Blind DJ Advice
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Thread: Blind DJ Advice

  1. #1
    Tech Mentor ZachDero's Avatar
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    Default Blind DJ Advice

    I am posting on behalf of user jMiX. He is a blind DJ, looking for help with Traktor. We were already able to find this thread on the subject: http://forum.djtechtools.com/showthread.php?t=26028

    He said,

    "Trying to locate blind dj's who use Traktor is my first option. My second would be to learn how to create shortcuts so that I don't have to use the mouse in Traktor. All I need Traktor for would be mainly for a basic setup; two cdx players with an external mixer. I would use itunes to organize & import my music to traktor. I am willing to take the time to learn so i can maximize traktor in order to do my gigs more efficiently, precise, have access to my music instantly, etc."

    Does anyone have any helpful advise or know any blind DJs they could put him in touch with?

  2. #2
    Tech Mentor rjc's Avatar
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    There's a few difficulties that come to mind

    Initial Setup: He is probably going to need a friend there to help with the initial set-up for traktor. The hardest thing to navigate (I imagine) would be the set-up and mapping screens, as from what I understand, there's no way for text-to-speech to work with the console as accessibility hasn't been programmed in? (I might be wrong) Maybe a few people might be able to help out with some initial mappings for the guy.

    Beatgridding: In order to beatgrid properly, somebody's going to need to help setup a few macro shortcuts for him, that help him turn on the Metronome, adjust the Master Clock and Adjust the Beatgrids. This can all be done by ear, it's just figuring out the easiest way to do it.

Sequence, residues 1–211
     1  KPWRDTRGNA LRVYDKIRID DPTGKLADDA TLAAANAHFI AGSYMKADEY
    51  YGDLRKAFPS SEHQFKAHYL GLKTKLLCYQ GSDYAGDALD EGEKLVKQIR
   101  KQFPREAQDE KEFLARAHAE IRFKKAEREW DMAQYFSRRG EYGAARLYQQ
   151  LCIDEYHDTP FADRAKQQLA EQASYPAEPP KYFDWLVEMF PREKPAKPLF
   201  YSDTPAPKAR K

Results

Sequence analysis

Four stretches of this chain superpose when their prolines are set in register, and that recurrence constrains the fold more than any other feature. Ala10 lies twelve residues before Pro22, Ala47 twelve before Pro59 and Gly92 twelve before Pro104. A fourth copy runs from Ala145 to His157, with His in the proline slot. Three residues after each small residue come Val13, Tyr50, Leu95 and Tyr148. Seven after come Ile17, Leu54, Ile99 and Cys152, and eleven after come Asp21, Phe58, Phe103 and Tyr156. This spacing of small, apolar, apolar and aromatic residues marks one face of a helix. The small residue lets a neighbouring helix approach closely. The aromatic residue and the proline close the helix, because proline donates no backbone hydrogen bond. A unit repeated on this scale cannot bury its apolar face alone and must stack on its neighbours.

Haptic Feedback: There are a few options that can totally screw with your set if you're unaware that they are enabled, that mostly being Sync, Quantise, Snap, Effects On. I'd want to do some research into any midi controllers that harness Toggle switches (Such as this), making it easy to quickly feel across at what settings are enabled/disabled (And braille label's for the corresponding switches to make it easier to discern). Maybe some sort of Arduino mod if there aren't any available.
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  3. #3
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    i would like to contribute to the midi controller idea. livid instruments brain jr. is a easy midi brain where you guys can make a controller for him. The swith and braille idea is pretty sweet. you could also make a midifighter style controller with one american style button and then one japanese style button so he can feel the difference if he wants buttons.If he ends up deciding we whants to go midi but you guys dont find anybody to make the controller or you want to buy one, i suggest the novation launchpad.Why? Even thought it would be somewhat complicated for him to use it, the launchpad has braille on a certain amount of squares. I hope you guys find something. BYE

  4. #4
    Tech Guru dripstep's Avatar
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    I think for a blind DJ, using software/dvs might be the hardest route. If he is running CDJs, burning tracks to disk, and playing them would be the easiest. Braille on the cd sleeves so he knows which disk he's grabbing, and no computer screen.

    My worry is that the software will crash, and without vision, debugging the issue to correct it may prove VERY hard. But, I'm also speaking as a sighted person.
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  5. #5
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    Quote Originally Posted by rjc View Post
    There's a few difficulties that come to mind
    Haptic Feedback: There are a few options that can totally screw with your set if you're unaware that they are enabled, that mostly being Sync, Quantise, Snap, Effects On. I'd want to do some research into any midi controllers that harness Toggle switches (Such as this), making it easy to quickly feel across at what settings are enabled/disabled (And braille label's for the corresponding switches to make it easier to discern). Maybe some sort of Arduino mod if there aren't any available.
    I think a unit such as the nanokontrol, or behringer bcf2000, with lots of faders, could be mapped to function like a bank of toggle switches?